“Statistics show people are using them. It's just a matter of getting the word out to our clients here in Derry that this wonderful resource is available,” said Diane Arrato Gavrish, the library's assistant director.
     Gavrish said the statewide digital audio book system, while underutilized, is catching on – not only because of the growing popularity of iPods and MP3 players, but because it's a technology that's easy to tap into. Using your home computer or laptop, a library patron can search for and download a book onto their iPod or mp3 player to keep for a two-week loan period, without ever leaving home.
     As a way of promoting its digital services, the library is giving away two MP3 players, an impromptu promotion that hopefully will get people talking about the future of digital literacy.
     Or at least, about some really good books they've heard lately.
     “It's a free raffle. Just come into the library over the next month and you can pick up a raffle ticket. People who find us on Facebook or Twitter can get a second ticket, if they mention that to us when they come in,” said Gavrish, who Tweets and Facebooks regularly to a modest but growing group of library followers.
     Starting March 17, winning raffle tickets will be pulled and winners will be notified. Yes, it's a little gimmicky, but the Friends of the Derry Library felt it was a good way to get behind a trend that, nationally, is gaining momentum.
     According to a recent study of library trends over the past decade published by the American Library Association, currently 22 percent of Americans visit their public library via computer – that's 51 million people. Offering a digital collection that is comprehensive and current is key.
     In New Hampshire, it the push has been trickling down to local libraries from the state library, said Gavrish.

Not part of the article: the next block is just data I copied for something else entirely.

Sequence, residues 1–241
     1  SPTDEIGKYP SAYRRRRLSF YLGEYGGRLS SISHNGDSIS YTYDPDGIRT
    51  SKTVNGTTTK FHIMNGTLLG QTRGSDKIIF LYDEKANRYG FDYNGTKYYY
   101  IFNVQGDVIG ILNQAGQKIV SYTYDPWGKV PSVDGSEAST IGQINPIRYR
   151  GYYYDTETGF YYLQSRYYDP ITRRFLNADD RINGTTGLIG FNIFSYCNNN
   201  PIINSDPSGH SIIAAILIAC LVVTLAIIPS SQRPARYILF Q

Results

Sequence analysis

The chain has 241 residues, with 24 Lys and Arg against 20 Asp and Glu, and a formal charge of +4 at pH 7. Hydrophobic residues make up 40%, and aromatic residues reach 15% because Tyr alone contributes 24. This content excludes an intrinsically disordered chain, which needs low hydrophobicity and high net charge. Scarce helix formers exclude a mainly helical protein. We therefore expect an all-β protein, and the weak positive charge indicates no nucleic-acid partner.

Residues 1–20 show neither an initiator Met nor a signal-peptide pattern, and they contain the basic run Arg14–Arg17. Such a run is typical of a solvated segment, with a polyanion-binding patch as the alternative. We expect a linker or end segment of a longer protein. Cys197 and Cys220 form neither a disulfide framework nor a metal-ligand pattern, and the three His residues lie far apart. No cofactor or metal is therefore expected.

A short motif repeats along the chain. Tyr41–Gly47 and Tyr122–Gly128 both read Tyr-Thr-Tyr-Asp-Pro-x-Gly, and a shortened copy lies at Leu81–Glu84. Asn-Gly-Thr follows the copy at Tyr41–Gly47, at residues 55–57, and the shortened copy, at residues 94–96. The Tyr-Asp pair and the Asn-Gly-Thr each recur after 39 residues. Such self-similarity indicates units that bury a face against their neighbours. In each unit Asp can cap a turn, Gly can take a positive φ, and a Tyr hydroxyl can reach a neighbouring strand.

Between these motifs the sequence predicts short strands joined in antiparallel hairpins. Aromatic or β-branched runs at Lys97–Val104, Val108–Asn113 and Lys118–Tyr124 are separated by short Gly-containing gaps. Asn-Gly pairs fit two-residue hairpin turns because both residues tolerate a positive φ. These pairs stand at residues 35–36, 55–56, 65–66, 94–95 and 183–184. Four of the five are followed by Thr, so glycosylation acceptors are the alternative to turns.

“For the State Library to be the forerunners in something like this is kind of interesting. They aren't always the ones to lead the charge when it comes to technology,” Gavrish said. “This is exciting, and it's something available from the smallest of libraries – from Danville to Derry.”
     Meryle Zusman, Derry library's webmaster, said this particular trend underscores the relevance of libraries in a digital age.
     “We have heard of some libraries getting Kindles and Sony Readers that patrons can actually borrow. For us, this is all just another way to continue our mission, which is not just to provide books for people who come into the library, but to get material that entertains, educates and enlightens into the hands – and ears if they prefer – of as many people as we can,” Zusman said.

Snow day, minus snow, equals happy kids

Union Leader Correspondent

DERRY – A perfect storm means different things to different people. Windham Middle School student Zoe Goldthwaite and her breakfast posse, still lingering over pancakes just before noon at Maryanne's Diner had one clear message for their school superintendent, Frank Bass: Bad call; good decision.
     "At first, I was mad at the weatherman when I woke up and there was no snow," said Sean Fabian, 13.
    "Yeah, me too. But now I think we should be thanking the superintendent," said Tim Erdlen, 14.
     Bass and his fellow school superintendents across the state collectively closed more than 325 schools yesterday under clear skies based on radar projections from multiple weather tracking sources that showed snow blowing into southern parts of the state by 7 a.m., gaining steam by 1 p.m.